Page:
Okay, it's below zero now what?
Normally this time of year we still get out and ride a bit. But this winter has proved to be a little more stubborn. Most of our winter riding areas have managed to get more snow than we have (which is very unusual) and then the temperature decided to drop below zero (-14 according to the car thermometer). So, needless to say the bikes have been hibernating waiting for a break in the weather. While we wait for it to warm back up to, you know..20, what can we do in the meantime? This time of year is actually the perfect time to go through your gear and make sure it is ready for the riding season, also doing those little things on your machine like checking the valves, replacing body plastics, tires, etc. The reason I say that this is the perfect time of year is not because you are not riding anyway, rather it's all about money. Many places that sell parts and gear need to unload old inventory or last year's gear. Which means that they start marking things down dramatically. For example, I have an older YZ250f that needs new radiator shrouds. Normally a cheap aftermarket set is about $45.00, thanks to a clearance sale I was able to get them for $12.00, along with a discount set of graphics I was able to give this old bike a facelift for about what I would have paid just for the shrouds. Over the years I have gotten some great deals on all kinds of things like hand guards, gear, parts, you name it. If you wait until spring (when many people start looking at their bike and gear again) you will be paying full price and may have to wait longer to get your stuff. Not to mention, if you are taking your bike in for someone else to work on it you will probably end up paying more and waiting longer to get it back.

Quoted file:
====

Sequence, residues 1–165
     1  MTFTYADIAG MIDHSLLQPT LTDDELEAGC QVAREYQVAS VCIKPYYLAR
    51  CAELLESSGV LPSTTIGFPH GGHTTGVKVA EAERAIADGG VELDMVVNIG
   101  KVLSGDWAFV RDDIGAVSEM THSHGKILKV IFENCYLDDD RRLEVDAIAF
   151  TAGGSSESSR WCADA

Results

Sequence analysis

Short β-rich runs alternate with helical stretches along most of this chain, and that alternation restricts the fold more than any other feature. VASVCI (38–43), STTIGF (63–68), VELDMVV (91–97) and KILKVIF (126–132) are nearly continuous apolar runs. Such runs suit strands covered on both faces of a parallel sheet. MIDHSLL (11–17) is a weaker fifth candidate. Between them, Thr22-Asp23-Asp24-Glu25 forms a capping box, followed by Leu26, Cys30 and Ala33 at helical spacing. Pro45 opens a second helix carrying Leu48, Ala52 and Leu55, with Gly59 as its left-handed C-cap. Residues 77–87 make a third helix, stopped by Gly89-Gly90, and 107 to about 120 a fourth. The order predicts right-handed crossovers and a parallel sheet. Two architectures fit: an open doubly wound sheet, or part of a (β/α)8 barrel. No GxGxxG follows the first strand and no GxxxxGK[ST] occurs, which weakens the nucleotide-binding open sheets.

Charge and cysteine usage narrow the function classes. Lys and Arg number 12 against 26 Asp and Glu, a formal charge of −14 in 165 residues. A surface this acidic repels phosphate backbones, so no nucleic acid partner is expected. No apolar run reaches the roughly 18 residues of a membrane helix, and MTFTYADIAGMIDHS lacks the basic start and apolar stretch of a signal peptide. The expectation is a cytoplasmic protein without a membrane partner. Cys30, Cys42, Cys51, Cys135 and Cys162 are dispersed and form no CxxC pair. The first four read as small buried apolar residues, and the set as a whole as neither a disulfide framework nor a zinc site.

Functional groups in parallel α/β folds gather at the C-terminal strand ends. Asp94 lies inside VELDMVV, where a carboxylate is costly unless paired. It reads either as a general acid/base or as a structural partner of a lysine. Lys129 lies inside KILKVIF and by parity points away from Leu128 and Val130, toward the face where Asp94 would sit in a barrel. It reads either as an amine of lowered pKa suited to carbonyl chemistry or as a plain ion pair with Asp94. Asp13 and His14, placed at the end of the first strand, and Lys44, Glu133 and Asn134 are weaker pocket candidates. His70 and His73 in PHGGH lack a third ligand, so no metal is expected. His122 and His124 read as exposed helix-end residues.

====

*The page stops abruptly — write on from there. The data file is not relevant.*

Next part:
Some other things to keep in mind about your machine in this cold weather. If it is not stored somewhere heated you should make sure that your anti-freeze is up to snuff and if you have a battery bring it inside. If you try to start your machine make sure you crank it over several times before you actually start it. The oil in your crankcase is very thick from the cold and is going to be practically non-existent in the top of the engine. Cold starts are probably one of the worst things for an engine. Even better put it somewhere warm for a bit (if you can), give it some hot chocolate and say nice things to it (okay that last part might be a little extreme).
I do recommend starting your machines at least once a month through the winter and let them at least warm-up. Doing this will help make sure that the gas in carburetor does not go bad and plug jets, helps remove the condensation in the engine and exhaust and circulates oil to the top of the engine. Going months in between starts is not good for the machine or your sense of peace when you finally do try and get it started.
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